Feds reviewing civil rights case against Ray Tensing

Feds reviewing civil rights case against Ray Tensing

CINCINNATI (FOX19) - The Department of Justice will review the case of a former University of Cincinnati police officer who shot and killed an unarmed motorist in 2015.

The U.S. Attorney's Office made the announcement Tuesday after Hamilton County Prosecutor Joe Deters revealed he won't seek a third trial for Ray Tensing.

Deters' staff has already met with federal investigators and turned over evidence in Tensing's case, the prosecutor said.

Federal charges would be different than the state charges and would contain different elements. Some evidence left out of the state trials could be allowed in a federal court prosecution.

"The United States Attorney's Office will now undertake to acquire and review the evidence from the state court trials in order to assess whether there are possible federal civil rights offenses warranting investigation and potential prosecution," read a statement from the U.S. Attorney for the Southern District of Ohio.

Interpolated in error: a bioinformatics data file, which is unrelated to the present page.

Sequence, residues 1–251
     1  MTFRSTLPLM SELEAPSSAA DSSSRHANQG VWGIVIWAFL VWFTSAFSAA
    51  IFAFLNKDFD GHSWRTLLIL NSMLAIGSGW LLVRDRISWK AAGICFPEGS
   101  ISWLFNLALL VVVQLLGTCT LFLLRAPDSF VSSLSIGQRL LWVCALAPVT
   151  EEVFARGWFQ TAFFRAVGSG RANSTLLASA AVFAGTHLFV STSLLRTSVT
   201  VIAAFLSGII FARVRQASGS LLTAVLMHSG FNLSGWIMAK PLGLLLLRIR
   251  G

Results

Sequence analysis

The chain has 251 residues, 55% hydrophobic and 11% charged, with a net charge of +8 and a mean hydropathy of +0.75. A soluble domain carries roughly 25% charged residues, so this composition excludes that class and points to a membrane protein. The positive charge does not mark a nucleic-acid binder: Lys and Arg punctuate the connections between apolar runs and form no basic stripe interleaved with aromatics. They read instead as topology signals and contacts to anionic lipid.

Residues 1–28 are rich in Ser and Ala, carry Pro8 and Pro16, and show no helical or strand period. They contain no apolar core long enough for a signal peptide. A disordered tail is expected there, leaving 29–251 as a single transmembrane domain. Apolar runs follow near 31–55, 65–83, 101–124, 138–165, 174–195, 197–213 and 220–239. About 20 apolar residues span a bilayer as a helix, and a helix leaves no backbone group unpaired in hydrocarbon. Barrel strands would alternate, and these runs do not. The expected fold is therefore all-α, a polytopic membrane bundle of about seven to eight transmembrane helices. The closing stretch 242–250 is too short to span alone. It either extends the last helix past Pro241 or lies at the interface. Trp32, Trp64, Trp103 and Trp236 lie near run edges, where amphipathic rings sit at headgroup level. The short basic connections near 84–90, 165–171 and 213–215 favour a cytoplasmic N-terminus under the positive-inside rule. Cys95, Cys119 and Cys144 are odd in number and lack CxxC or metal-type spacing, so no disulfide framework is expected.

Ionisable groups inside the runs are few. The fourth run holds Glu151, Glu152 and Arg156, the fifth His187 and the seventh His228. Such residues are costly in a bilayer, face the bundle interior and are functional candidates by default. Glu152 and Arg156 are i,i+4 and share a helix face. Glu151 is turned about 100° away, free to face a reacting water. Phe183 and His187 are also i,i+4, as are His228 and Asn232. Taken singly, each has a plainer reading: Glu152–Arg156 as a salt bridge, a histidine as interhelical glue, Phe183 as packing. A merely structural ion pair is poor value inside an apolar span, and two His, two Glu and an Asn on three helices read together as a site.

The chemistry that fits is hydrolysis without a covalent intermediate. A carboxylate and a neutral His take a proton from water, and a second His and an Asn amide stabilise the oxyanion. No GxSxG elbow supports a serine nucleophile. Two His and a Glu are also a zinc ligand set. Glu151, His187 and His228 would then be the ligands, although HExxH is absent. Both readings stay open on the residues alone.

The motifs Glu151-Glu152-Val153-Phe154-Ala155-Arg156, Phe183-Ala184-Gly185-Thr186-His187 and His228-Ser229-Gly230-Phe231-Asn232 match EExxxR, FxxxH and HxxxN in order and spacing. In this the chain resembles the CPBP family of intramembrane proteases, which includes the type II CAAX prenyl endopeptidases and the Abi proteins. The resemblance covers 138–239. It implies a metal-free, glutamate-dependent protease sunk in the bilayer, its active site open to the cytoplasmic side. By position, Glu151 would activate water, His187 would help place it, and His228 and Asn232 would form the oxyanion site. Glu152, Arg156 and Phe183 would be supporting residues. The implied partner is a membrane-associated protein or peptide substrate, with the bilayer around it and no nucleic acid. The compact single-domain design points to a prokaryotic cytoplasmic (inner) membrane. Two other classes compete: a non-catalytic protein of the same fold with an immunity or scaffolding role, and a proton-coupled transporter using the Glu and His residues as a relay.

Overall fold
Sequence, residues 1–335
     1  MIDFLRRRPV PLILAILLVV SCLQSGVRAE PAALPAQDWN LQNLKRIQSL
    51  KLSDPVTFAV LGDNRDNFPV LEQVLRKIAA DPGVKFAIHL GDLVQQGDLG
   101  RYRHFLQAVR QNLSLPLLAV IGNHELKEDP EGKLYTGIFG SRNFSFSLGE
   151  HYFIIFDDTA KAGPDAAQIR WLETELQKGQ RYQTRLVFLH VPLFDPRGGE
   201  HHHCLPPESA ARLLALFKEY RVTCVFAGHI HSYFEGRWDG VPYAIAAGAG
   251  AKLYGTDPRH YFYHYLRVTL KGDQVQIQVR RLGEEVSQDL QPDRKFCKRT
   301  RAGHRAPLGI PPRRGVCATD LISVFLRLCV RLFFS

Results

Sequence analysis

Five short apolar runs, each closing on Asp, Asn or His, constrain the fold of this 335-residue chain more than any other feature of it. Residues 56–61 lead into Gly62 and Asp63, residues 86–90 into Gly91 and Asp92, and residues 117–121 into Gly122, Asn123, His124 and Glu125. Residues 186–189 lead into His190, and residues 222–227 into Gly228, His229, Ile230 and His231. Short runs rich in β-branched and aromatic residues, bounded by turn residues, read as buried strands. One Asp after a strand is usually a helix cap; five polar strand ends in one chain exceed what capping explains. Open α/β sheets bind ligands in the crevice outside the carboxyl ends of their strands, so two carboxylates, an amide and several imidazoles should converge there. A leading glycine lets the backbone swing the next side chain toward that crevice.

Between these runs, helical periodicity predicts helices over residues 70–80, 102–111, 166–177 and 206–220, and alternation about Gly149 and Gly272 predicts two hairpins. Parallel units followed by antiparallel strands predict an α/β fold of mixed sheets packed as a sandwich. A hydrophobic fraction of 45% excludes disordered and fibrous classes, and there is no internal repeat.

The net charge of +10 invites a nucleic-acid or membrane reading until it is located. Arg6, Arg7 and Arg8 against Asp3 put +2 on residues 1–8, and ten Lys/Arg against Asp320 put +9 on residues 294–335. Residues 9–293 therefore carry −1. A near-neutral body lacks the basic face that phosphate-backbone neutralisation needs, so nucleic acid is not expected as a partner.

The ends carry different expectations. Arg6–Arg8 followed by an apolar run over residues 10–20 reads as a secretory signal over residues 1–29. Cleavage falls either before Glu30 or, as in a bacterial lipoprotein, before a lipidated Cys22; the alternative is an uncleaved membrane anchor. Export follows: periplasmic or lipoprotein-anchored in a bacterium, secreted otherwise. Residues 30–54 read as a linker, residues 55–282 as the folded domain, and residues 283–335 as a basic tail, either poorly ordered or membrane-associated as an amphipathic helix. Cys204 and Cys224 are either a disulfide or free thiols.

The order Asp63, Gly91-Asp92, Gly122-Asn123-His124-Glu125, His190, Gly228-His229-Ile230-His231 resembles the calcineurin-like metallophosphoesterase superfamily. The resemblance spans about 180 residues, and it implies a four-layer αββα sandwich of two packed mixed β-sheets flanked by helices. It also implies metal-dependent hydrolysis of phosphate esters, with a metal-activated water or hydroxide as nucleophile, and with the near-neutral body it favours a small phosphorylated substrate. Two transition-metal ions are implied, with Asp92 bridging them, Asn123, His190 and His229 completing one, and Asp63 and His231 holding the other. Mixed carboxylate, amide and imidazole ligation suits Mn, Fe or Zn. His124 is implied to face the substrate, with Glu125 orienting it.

Deters supports a potential federal case against Tensing.

"They [Department of Justice] could admit evidence that we could not before," Deters said, referring to the judge's decision to ban a controversial piece of evidence in the case.

In the second trial, prosecutors were prohibited from showing jurors the "Great Smokey Mountains" T-shirt depicting the Confederate flag Tensing wore under his police uniform the day he shot and killed Samuel DuBose.

Despite that, jurors in the second trial still discussed the shirt during deliberations, according to Defense Attorney Stew Mathews.

Tensing could be tried in federal court under the "deprivation of rights under color of law" statute , Deters said. The DOJ defines that as:

Section 242 of Title 18 makes it a crime for a person acting under color of any law to willfully deprive a person of a right or privilege protected by the Constitution or laws of the United States.

Tensing fatally shot DuBose during a July 2015 traffic stop. He's been tried two times for murder and voluntary manslaughter. Both ended in mistrials.

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